To mitigate the effects of stress on atrial fibrillation, it makes sense to find ways to stay calmer and cooler. Here are four research-backed means of doing just that:
It isn’t easy to call to mind the picture of an anxious-looking yogi. There are good reason for that. Yoga training has long been linked to better cardiovascular health, among other physical and mental benefits.
In a small study reported in March 2013 in the American Journal of Cardiology, people with paroxysmal atrial fibrillation who practiced yoga twice a week experienced a reduction in atrial fibrillation episodes.
Immediately post-training, their blood pressure and heart rate were lower, and overall the participants had less anxiety and improved overall quality of life.
This intriguing practice involves using what’s called “self-regulation” to exert a positive impact on physiological processes, such as heart rate.
Think of biofeedback like meditation, but using a monitoring device to help you track your physiological data and use that as a means to train yourself to control your physiological response.
This approach can be used for the management of atrial fibrillation (AFib), particularly to control ventricular rate. In a small report published in February 2015 in the Journal of Thoracic Disease that compared the usefulness of various alternative therapies in treating atrial fibrillation, biofeedback training got high marks for its ability to help people decrease their heart rate and potentially manage atrial fibrillation.
We all know people who seem enviably calm and who attribute their ability to stave off stress to the practice of some form of meditation. It seems intuitive that any regular meditative practice would elicit a calming effect, both psychologically and physiologically.
Recent research published in May 2018 in Frontiers in Physiology, jointly undertaken by the University of North Texas and the U.S. Army Research Laboratory, zeroed in on a novel way to quantify stress — in terms of heart-rate variability — and thereby to judge how well meditation can reduce it.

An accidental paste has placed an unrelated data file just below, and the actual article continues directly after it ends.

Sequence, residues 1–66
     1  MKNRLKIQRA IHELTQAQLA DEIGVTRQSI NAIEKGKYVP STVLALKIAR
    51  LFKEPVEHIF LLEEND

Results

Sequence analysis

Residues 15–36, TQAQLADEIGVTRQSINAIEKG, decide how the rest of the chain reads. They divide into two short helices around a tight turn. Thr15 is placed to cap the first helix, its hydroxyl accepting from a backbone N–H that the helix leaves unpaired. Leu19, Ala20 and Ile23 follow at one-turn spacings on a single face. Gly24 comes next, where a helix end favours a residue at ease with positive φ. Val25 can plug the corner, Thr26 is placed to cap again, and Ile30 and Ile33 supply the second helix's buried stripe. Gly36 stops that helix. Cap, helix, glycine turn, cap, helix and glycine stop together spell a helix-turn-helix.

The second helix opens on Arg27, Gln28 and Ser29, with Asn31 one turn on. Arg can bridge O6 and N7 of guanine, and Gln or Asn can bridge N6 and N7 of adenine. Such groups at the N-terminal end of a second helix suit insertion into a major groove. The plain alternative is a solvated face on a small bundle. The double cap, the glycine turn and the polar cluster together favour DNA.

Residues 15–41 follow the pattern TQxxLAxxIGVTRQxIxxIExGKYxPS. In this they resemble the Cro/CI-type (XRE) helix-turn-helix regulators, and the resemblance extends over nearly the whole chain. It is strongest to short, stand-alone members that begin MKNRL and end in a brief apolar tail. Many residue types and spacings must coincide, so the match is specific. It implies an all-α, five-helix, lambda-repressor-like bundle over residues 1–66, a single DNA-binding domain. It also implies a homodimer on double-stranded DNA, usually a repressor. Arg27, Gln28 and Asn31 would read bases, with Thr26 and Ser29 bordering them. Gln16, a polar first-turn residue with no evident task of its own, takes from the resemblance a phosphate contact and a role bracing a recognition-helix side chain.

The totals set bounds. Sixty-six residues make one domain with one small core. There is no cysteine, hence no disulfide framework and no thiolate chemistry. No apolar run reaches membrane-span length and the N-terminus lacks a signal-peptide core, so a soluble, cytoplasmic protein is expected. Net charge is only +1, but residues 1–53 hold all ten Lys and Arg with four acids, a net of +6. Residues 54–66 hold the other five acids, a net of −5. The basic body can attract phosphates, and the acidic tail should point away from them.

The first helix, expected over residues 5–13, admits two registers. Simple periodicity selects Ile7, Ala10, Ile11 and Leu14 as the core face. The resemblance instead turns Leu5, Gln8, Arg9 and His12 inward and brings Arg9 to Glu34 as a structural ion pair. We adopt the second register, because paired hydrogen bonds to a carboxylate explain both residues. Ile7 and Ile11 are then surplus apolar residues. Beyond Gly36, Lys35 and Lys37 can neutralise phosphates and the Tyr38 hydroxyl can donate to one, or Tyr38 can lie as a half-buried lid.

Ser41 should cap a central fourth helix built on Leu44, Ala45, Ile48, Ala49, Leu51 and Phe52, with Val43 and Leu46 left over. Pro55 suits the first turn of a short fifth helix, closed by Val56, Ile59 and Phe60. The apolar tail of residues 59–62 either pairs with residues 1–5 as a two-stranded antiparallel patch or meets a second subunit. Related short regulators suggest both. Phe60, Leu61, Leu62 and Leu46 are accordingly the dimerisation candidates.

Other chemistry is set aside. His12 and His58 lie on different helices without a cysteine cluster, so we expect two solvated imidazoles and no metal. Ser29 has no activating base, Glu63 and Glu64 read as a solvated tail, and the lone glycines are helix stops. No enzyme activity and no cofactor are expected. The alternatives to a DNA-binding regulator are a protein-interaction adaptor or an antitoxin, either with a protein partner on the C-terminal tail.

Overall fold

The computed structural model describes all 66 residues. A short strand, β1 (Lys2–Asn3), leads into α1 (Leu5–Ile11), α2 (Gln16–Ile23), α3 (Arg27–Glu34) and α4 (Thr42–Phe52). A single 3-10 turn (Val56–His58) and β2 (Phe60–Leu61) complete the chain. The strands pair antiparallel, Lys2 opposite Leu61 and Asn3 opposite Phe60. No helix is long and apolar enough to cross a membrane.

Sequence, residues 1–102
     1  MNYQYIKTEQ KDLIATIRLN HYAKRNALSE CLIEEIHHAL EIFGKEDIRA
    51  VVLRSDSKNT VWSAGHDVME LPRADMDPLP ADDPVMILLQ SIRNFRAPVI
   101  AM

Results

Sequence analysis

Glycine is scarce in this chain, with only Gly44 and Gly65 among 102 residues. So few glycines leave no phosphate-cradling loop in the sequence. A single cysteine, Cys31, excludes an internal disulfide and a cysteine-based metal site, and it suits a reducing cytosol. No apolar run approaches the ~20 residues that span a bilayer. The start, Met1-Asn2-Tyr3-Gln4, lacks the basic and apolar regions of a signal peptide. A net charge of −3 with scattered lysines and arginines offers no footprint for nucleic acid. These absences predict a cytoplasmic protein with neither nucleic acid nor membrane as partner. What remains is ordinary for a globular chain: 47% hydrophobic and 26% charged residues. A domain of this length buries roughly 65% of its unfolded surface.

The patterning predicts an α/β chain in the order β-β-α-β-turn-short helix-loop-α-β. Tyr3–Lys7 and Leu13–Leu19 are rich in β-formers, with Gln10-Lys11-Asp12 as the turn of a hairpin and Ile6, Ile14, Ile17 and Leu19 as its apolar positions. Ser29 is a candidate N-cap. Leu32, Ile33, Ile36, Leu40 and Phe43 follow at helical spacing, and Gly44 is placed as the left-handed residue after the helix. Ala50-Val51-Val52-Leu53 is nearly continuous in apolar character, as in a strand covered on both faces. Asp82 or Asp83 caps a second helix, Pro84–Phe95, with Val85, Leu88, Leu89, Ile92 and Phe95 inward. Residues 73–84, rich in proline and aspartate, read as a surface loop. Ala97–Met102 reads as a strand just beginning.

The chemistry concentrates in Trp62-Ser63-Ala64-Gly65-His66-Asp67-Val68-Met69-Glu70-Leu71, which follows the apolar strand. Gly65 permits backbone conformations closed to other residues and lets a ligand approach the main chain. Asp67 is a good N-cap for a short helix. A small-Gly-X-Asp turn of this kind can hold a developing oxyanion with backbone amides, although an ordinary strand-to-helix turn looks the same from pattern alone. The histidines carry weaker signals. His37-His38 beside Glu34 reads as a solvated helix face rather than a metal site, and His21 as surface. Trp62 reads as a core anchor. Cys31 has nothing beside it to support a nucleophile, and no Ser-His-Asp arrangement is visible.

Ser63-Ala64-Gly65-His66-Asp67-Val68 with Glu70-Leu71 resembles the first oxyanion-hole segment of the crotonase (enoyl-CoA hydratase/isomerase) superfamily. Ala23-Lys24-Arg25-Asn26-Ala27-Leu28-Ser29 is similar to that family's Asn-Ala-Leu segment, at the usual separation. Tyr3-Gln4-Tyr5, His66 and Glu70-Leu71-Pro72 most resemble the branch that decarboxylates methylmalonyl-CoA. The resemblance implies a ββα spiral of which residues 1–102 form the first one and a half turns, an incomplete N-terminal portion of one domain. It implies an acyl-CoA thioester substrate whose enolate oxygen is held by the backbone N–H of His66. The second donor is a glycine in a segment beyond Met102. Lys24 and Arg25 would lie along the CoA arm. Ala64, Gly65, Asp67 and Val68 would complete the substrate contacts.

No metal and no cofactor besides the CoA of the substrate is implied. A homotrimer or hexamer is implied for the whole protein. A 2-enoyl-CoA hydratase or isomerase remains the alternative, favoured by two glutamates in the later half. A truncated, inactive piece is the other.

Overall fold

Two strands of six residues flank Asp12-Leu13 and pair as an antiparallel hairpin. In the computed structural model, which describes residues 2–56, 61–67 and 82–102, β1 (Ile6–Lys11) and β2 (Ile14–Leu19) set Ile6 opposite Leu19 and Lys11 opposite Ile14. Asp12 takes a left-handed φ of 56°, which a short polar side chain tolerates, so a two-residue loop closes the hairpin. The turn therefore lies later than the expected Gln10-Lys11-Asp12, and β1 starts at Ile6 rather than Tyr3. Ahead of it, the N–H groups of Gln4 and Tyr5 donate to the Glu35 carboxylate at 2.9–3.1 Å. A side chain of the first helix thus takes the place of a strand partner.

The study concluded that although various forms of medication are effective at reducing stress in the immediate term, the long-term practice of meditation made positive physiological changes permanent.
There’s no question that regular physical activity can reduce stress. The key to how it works specifically for atrial fibrillation is twofold: First, exercise that leads to even a modest amount of weight loss can help you lower blood pressure and reduce your risk for sleep apnea, two conditions that are major triggers for atrial fibrillation, says Rashba.
“Blood pressure, in particular, when it’s uncontrolled puts increased pressure on the heart over time, causing the muscle to become stiffer and the atrium that’s affected by atrial fibrillation to stretch, and the more that happens, the more often the heart goes into and stays in atrial fibrillation.”
But exercise that relieves stress also may have the benefit of helping you make other, healthier habits, such as drinking less and quitting smoking